Rapidly growing industry of internet retail requires reliable support in the form of online payment processing platform. 2Checkout is a serious player on this market that has a vision for future of ecommerce and stellar marketing strategy to survive in this business. Read the interview to find out about challenges the company faces and promotional tools it uses.
1. Please introduce yourself in brief – what you do, what you are enthusiastic about?
My name’s Sean Edgar and I’m the Marketing Communications Director at 2Checkout. I help support 2Checkout’s merchants through educational and instructional content, as well as help curate all of the exciting e-commerce and payment editorial emerging on a global scale. It’s not an exaggeration to say that online payments, as an industry, is experiencing some massive disruption; local currencies and credit cards are going to look very, very different in two years than how they look now. 2Checkout is devoted to helping online businesses connect to new global markets through new pathways, especially for emerging markets.
2. You mentioned that “online payments, as an industry, is experiencing some massive disruption”. Can you dwell a little bit more on that? What are your predictions for the future of online payments?
We can’t dive too far into specific plans, but people are accepting different forms of payment and currencies than they were a few years ago. A good current example would be our relationship with Payoneer, which allows companies to receive payment through prepaid debit cards. It’s incredibly helpful for merchants in areas without established banking infrastructures. We’ll definitely have more announcements on similar innovations and offerings in the next few months.
3. A couple of questions about 2Checkout. What is the history of the company? How did it start and what was the point of success, how it became possible?
2Checkout was founded in 1999 by a developer named Alan Homewood to provide an accessible and reliable way for online entrepreneurs to accept payments online. The software was incredibly intuitive for the time; all merchants had to do was plug in a few lines of code and pay two very transparent flat fees. Other options were far more expensive and complex.
Soon, 2Checkout was embraced on a global scale for providing such a user-friendly and powerful too. The product soon evolved to facilitate over 200 countries by automatically translating languages and converting currencies and payment methods.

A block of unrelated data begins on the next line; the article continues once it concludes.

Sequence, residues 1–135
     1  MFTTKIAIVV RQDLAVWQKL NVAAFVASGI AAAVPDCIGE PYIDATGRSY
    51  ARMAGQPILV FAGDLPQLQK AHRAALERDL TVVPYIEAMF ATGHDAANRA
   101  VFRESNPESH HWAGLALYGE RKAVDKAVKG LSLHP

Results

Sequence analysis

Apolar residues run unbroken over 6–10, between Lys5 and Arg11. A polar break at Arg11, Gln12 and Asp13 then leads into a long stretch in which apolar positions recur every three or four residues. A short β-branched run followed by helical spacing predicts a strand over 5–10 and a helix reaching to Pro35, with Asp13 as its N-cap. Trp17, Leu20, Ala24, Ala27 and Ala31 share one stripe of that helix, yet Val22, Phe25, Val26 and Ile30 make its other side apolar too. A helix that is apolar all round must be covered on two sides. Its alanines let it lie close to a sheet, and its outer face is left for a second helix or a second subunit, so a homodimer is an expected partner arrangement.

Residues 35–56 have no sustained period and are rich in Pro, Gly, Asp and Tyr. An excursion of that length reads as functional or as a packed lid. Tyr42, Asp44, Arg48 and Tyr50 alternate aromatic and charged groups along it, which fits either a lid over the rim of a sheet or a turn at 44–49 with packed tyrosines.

4. Now when 2Checkout is a huge brand who do you consider your main competitors and how do you build your marketing strategy around it? (in a couple of words, I don’t want you to jeopardize your plans 🙂
Honestly, any online payment processor or platform that a global online merchant uses to accept and manage online payments is a competitor. PayPal is our biggest, competitor, though we actually allow our merchants to accept payments from them as well. Our merchants can use our real-time customer service, though, and aren’t relegated to submitting emails to PayPal if they have a question.
The only way to truly differentiate yourself is to constantly study and decipher the new and unarticulated needs of online merchants. As the majority of the sellers who use 2Checkout are stationed all over the globe, this challenge isn’t small, but it’s one that we thrive off executing.
5. Everybody now talks about the power of social and content, are these marketing channels really efficient for 2Checkout?
Absolutely. We publish a blog and an educational resources library called The E-Commerce Academy that we’re constantly filling with new e-books and materials. The goal is to provide a channel that our merchants can rely on to stay informed and maximize sales through best practices. We’re immersed in e-commerce and payments; these portals are just a natural extension of that passion.
For 2Checkout, social media is an essential platform to connect with our merchants, especially the ones located globally, as it presents so few barriers. It’s an international sounding board to receive opinions as well as a way (or five) for us to post our content. We currently host accounts on Facebook, Twitter, LinkedIn, Google+, and YouTube.